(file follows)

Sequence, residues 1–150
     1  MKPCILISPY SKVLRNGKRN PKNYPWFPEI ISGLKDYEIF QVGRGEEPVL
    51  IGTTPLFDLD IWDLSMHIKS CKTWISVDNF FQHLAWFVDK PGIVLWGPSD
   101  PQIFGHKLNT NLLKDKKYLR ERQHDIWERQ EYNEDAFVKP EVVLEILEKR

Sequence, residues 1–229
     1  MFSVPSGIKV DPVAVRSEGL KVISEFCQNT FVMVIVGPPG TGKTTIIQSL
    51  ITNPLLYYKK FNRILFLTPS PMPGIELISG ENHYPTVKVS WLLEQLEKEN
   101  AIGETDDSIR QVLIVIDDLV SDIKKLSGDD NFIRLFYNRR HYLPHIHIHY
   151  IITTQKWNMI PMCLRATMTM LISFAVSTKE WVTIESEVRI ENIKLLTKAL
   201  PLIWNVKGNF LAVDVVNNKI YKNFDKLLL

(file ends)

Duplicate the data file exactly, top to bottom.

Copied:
Sequence, residues 1–150
     1  MKPCILISPY SKVLRNGKRN PKNYPWFPEI ISGLKDYEIF QVGRGEEPVL
    51  IGTTPLFDLD IWDLSMHIKS CKTWISVDNF FQHLAWFVDK PGIVLWGPSD
   101  PQIFGHKLNT NLLKDKKYLR ERQHDIWERQ EYNEDAFVKP EVVLEILEKR

Sequence, residues 1–229
     1  MFSVPSGIKV DPVAVRSEGL KVISEFCQNT FVMVIVGPPG TGKTTIIQSL
    51  ITNPLLYYKK FNRILFLTPS PMPGIELISG ENHYPTVKVS WLLEQLEKEN
   101  AIGETDDSIR QVLIVIDDLV SDIKKLSGDD NFIRLFYNRR HYLPHIHIHY
   151  IITTQKWNMI PMCLRATMTM LISFAVSTKE WVTIESEVRI ENIKLLTKAL
   201  PLIWNVKGNF LAVDVVNNKI YKNFDKLLL